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Losing to Tomasz Narkun has rekindled Mamed Khalidov’s love for MMA


Mamed Khalidov is the most legendary figure that the KSW banner has ever produced, but it took a loss to surging light-heavyweight champion, Tomasz Narkun, to rekindle his love for the fight game.

Ten years Khalidov’s junior, Narkun snapped the 38-year-old’s 20-fight unbeaten streak under the KSW banner with a third-round submission in the main even of KSW 42. Ever since the defeat, Khalidov claims he has been training with a new motivation; something he hopes will be a big factor in their rematch this weekend in Gliwice, Poland.

“It’s something that really had an impact on me because it was a long time since my last loss,” Khalidov told MMA Fighting.

“It’s a special rematch for me. To be honest, for my last three or four fights I was preparing without a certain motivation; that special fire you need for the big fights. That loss was really good for me because I was hungry for the training process for our rematch. I had lost my love for fighting to a certain extent before that happened.

“I feel like I’m training for this fight like the way I used to train when I was young. It feels like I’m training with a new motivation, its like I’ve got hot blood.”

At KSW 42, Khalidov was expected to be the slower starter of the two given Narkun’s size advantage, but he shocked the watching world when he knocked the towering Pole down twice in the first round. Despite getting on in years, “Cannibal” showcased some deft head movement in the second stanza before meeting his demise from a triangle a little over a minute into the third round.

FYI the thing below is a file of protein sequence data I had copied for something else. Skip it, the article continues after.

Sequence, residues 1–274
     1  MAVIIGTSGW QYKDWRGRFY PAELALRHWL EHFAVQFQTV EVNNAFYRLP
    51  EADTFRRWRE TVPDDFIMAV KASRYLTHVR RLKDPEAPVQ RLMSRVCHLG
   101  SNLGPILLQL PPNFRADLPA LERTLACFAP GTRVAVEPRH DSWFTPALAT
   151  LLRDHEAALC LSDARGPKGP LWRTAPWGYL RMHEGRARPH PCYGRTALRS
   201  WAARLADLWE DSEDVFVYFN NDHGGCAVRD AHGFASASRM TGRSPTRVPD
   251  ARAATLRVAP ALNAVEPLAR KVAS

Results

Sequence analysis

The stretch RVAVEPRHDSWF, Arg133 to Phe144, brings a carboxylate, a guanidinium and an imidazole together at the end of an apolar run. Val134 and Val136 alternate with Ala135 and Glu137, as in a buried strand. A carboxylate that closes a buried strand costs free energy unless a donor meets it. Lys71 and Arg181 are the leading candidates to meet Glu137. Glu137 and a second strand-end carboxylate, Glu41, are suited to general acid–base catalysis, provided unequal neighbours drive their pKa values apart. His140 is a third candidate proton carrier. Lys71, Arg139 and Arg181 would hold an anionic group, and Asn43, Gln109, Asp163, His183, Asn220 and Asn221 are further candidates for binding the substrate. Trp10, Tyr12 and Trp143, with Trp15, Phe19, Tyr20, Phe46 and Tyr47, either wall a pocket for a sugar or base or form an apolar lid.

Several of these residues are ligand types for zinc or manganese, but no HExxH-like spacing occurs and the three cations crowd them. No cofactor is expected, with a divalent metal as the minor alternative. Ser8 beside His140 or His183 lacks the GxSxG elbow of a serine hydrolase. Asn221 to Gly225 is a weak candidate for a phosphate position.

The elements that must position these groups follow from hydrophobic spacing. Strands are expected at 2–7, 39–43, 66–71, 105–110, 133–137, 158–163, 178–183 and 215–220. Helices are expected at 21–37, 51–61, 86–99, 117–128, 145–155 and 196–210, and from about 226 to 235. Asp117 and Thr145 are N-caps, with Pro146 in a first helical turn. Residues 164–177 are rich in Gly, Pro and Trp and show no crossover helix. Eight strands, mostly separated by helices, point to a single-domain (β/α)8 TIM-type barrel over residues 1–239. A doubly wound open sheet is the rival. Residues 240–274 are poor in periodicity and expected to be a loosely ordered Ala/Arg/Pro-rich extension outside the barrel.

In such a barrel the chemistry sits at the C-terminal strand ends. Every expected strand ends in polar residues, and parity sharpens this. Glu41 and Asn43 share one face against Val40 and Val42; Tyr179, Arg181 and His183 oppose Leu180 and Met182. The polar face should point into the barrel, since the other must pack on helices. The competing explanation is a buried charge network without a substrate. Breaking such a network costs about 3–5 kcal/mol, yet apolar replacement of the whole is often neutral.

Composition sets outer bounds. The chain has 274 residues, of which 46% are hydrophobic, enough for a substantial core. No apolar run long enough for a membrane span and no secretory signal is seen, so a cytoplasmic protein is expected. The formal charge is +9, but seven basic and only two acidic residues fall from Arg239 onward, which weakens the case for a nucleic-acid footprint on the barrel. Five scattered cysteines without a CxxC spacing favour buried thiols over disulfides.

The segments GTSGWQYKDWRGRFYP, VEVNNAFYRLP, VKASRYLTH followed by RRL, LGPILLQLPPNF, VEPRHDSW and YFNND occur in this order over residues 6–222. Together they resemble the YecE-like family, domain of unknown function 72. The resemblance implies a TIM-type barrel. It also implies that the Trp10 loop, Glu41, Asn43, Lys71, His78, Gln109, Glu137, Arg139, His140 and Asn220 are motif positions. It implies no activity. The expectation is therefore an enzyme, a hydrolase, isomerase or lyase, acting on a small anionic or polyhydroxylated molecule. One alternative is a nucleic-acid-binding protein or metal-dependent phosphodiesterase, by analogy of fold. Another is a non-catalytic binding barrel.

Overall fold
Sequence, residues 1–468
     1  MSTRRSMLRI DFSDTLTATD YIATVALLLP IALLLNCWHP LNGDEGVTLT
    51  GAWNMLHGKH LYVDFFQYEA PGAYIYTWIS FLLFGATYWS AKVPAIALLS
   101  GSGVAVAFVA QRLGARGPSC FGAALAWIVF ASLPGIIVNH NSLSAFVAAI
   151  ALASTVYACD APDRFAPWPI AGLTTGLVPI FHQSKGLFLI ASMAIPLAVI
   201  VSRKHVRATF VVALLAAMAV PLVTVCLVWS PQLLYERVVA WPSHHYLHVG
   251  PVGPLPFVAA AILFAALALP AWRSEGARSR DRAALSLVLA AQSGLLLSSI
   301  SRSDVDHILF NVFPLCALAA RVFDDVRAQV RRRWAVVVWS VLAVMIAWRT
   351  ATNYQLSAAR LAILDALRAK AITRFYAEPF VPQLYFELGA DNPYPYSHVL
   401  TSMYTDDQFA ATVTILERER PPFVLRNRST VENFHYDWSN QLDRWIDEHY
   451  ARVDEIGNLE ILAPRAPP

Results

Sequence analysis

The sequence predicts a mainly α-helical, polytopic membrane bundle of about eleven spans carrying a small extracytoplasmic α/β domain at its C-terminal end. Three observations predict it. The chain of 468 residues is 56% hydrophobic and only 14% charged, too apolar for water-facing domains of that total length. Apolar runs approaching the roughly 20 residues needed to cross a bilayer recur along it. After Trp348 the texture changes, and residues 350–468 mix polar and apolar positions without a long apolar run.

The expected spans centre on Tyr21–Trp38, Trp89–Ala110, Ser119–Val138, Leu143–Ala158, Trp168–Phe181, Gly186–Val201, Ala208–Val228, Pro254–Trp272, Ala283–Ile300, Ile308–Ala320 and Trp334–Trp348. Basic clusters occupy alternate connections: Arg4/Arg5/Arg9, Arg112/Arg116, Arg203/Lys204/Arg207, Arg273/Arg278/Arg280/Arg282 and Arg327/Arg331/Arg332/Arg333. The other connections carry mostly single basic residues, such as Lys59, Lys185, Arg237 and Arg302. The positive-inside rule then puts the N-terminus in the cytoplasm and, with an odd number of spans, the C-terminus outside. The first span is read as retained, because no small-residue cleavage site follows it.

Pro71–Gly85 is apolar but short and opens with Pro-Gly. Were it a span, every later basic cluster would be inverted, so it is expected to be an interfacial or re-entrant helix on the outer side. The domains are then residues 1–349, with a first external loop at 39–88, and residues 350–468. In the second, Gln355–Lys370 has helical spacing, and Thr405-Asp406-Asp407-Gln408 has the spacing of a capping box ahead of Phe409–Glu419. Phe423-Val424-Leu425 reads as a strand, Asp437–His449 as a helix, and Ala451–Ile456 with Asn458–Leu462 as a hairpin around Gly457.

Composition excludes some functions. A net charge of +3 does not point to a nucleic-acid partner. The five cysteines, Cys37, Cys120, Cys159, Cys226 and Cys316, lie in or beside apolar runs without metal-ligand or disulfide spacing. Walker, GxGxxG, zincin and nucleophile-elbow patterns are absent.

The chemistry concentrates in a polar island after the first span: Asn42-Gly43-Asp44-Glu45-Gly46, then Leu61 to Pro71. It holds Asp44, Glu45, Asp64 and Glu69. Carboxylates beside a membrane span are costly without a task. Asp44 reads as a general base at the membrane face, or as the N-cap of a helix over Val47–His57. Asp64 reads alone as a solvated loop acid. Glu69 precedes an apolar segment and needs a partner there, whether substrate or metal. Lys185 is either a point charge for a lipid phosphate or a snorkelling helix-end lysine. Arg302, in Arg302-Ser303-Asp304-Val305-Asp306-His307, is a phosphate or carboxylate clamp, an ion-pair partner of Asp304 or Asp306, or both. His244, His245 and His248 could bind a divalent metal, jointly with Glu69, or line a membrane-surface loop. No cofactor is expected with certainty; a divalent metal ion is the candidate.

Although he didn’t have his hand raised, Khalidov was fulfilled in the sense that he achieved his ever-present primary objective—entertaining the fans.

“The satisfaction of the audience has always been my priority; once the people enjoy the fight I’m happy. The second most important thing, of course, is winning, but that doesn’t always keep the fans on your side. What keeps the fans on your side is putting on entertaining fights.”

“I did a lot of striking in the lead up to that fight,” he added. “The plan was to come out fast and the plan was working. I think I should have used a lot more punches when I did take him down and looked for the knockout. When I had him down I thought it would be better to get the fight back on the feet because I had a lot of success in the striking exchanges earlier on. In the end, as we all saw, it didn’t work out for me.”

A win this weekend will further solidify Khalidov’s unparalleled legacy with KSW. However, his sole objective going into the KSW 46 main event remains the same as always.

“My main goal is to have the same fireworks again. I don’t want to have a boring chess match, I want the fans to get the same satisfaction from this fight as they got form the first fight. Yes, I made a mistake on the ground in our first fight, but I’ve worked a lot on that and I feel like my ground game is great too. For a long time I was known primarily a submission fighter, so I will be ready,” he said.

(Editor’s note: Quotes in this article have been edited for clarity and concision.)

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